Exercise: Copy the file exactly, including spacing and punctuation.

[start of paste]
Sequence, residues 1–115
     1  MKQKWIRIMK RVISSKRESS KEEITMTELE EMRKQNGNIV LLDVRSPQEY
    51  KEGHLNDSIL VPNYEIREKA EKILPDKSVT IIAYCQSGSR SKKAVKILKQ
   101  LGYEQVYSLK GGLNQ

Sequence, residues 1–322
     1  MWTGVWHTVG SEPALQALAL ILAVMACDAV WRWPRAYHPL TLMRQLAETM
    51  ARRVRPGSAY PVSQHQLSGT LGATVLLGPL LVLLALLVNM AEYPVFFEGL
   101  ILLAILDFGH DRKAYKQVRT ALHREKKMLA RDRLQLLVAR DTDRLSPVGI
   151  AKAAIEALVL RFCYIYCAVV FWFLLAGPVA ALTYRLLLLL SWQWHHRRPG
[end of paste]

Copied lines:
Sequence, residues 1–115
     1  MKQKWIRIMK RVISSKRESS KEEITMTELE EMRKQNGNIV LLDVRSPQEY
    51  KEGHLNDSIL VPNYEIREKA EKILPDKSVT IIAYCQSGSR SKKAVKILKQ
   101  LGYEQVYSLK GGLNQ

Sequence, residues 1–322
     1  MWTGVWHTVG SEPALQALAL ILAVMACDAV WRWPRAYHPL TLMRQLAETM
    51  ARRVRPGSAY PVSQHQLSGT LGATVLLGPL LVLLALLVNM AEYPVFFEGL
   101  ILLAILDFGH DRKAYKQVRT ALHREKKMLA RDRLQLLVAR DTDRLSPVGI
   151  AKAAIEALVL RFCYIYCAVV FWFLLAGPVA ALTYRLLLLL SWQWHHRRPG